If you’ve only watched the U.S. version, then you’ll know that The Descent is a heart-racing survival story that sees a lone final girl making it out of the cave alive. But in the original UK version, her survival is botched by a twisted cut-back scene that finds her back in the cave. While it’s sometimes refreshing to see an unhappy ending in the horror genre, this trick only made audiences angry. The film should have ended with her escape, making it a far more compelling survival story.

Promising Young Woman

Photo Credit: Focus Features.

For a film that was unremittingly dark, it ended on a rather lighter note that contradicted its main theme. A different take on the rape-revenge subgenre, the film follows Cassie (Carey Mulligan), a troubled young woman avenging her friend’s death by targeting the people who failed her. The problem? The film ended with the villains getting their comeuppance. While it was satisfying, it also went against the whole point of the film: that justice is rarely served.   


Photo Credit: Universal Pictures.

This psychological horror is easily one of M. Night Shyamalan’s best. A grueling survival story that sees three girls fighting their mentally ill kidnapper, Split fell short in its last moments by introducing supernatural themes that failed to connect with the rest of the story. Instead, Split should have focused solely on its psychological elements, ending the film before its reveal that it was a sequel to Unbreakable. Surprising? Sure. But it also killed the tension of the film.  


Photo Credit: Universal Pictures.

Savages presents a gritty and intense narrative, revolving around a drug trade and the moral ambiguity of its characters. This gritty drama ends with a fatal shootout, prompting the remaining survivor to overdose himself and his friends so they can die together. Only this bleak ending is ruined when it’s revealed that it was only a dream. Ending the film on the overdose scene would have been more fitting for the film’s already bleak and gritty undertones.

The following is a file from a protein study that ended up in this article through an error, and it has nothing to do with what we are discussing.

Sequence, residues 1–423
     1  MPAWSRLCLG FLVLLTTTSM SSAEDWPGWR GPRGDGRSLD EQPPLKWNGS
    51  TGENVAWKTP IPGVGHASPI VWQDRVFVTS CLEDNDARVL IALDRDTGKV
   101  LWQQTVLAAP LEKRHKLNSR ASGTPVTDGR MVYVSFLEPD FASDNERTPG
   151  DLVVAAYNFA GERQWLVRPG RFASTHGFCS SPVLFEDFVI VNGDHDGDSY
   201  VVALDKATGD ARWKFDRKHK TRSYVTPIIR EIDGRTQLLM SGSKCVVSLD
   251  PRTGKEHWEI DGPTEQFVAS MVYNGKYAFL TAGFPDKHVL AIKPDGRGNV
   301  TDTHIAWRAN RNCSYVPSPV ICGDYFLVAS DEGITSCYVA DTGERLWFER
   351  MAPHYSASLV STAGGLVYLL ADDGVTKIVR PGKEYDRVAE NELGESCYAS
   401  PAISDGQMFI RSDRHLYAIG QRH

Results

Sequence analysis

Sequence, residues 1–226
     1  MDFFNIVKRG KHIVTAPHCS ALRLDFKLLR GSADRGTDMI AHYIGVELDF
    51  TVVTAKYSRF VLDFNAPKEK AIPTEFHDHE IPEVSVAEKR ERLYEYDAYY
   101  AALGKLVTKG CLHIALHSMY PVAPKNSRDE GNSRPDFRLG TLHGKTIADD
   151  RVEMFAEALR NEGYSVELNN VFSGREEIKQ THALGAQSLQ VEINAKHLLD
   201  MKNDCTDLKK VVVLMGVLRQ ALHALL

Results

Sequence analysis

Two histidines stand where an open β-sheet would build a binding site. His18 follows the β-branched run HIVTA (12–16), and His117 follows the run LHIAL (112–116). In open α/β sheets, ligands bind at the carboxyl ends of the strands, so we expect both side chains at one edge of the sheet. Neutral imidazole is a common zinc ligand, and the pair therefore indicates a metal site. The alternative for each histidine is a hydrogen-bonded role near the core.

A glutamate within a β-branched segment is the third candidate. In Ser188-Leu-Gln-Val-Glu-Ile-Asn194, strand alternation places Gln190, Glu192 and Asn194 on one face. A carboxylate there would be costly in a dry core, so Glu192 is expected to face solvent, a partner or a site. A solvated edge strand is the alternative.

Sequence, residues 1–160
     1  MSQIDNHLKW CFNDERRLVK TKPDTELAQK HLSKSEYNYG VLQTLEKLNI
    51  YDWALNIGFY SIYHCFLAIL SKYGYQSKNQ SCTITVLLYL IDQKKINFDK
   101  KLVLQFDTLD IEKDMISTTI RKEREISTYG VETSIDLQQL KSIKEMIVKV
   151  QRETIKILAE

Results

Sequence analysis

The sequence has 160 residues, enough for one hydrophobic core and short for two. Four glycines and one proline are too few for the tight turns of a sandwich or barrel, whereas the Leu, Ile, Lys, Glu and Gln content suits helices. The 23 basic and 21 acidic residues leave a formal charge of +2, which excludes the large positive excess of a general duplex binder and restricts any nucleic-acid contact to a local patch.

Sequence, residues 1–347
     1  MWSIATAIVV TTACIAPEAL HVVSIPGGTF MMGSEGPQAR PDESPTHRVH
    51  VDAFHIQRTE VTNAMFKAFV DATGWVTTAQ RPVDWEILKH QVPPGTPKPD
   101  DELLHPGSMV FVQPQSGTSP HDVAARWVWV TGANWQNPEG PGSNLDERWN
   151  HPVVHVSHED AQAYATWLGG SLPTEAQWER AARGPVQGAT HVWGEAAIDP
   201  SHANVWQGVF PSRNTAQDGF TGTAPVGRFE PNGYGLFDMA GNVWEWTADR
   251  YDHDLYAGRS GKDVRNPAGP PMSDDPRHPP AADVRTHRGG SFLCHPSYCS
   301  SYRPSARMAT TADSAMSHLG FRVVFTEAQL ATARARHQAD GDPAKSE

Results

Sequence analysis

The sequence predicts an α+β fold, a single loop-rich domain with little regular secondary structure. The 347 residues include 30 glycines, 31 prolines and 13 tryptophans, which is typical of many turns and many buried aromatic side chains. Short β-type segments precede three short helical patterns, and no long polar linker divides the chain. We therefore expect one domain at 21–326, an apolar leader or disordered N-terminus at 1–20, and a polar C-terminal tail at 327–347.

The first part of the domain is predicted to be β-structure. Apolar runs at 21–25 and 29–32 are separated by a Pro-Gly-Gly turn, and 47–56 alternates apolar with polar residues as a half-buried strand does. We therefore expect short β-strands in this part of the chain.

Photo Credit: A24.

For body-horror, Tusk was surprisingly amusing thanks to its humor and bizarre narrative. But the ending was too laughable to actually enjoy. Wallace’s (Justin Long) fate of being turned into a walrus was disturbing and somewhat bleak enough, and the film shouldn’t have ended with inspector LaPointe (Johnny Depp) wanting to put Wallace out of his misery. Instead, we finish on a much lighter and stranger note, with Wallace in a zoo, living out the remainder of his days as a walrus. A laughable conclusion to an otherwise disturbing film.


Photo Credit: Warner Bros.

This mind-bending thriller from Christopher Nolan is as complex as it is enjoyable. And it could have been perfect if it wasn’t for its unambiguous ending. Instead, the film should have ended before the spinning top wobbled, maintaining its sense of ambiguity regarding Cobb’s (Leonardo DiCaprio) reality.

The Matrix

Photo Credit: Warner Bros.

Cliffhangers don’t always work, but it definitely would have in The Matrix. The film itself focused on choice and free will, but the ending contradicts this with Neo’s sacrifice. Instead, it should have ended on Neo’s phone call. Neo’s decision to confront the machines and negotiate for peace would have served as a powerful conclusion to his character arc, emphasizing the importance of individual agency and the possibility of redemption.

Legally Blonde

Photo Credit: MGM Distribution Co.

While the graduation scene serves as a celebratory and empowering conclusion to Elle’s journey, it didn’t add much depth to the film. Instead, ending the film when Elle wins her case and proves her legal wisdom in court, would have been a far more climactic conclusion emphasizing Elle’s personal growth.


Photo Credit: Sony Pictures Classics.

The film’s ending sees Andrew (Miles Teller), a young and determined musician, performing a drum solo at a prestigious jazz competition. The film should have ended there, an electrifying scene that demonstrates Andrew’s dedication and talent. But instead, the film concludes with Andrew confronting his abusive mentor Terence (J.K. Simmons). Andrew’s final drum solo represents the culmination of his journey and would have been a far more satisfying ending to the film.  


Photo Credit: 20th Century Fox.

There’s no denying this biopic is a masterpiece, with the cleverly intertwined love story depicting the ship’s class systems. But the film falls short at the last moment when Rose not only reunites with her true love Jack, but also other fallen passengers of the RMS Titanic. While it is lovely to see the two star-crossed lovers back together, the scene was unnecessary. Instead, it should have ended with Rose’s death, a far more emotional scene as we see Rose’s promises to Jack lived out through the pictures next to her deathbed.


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Amy Watkins

Writer & Blogger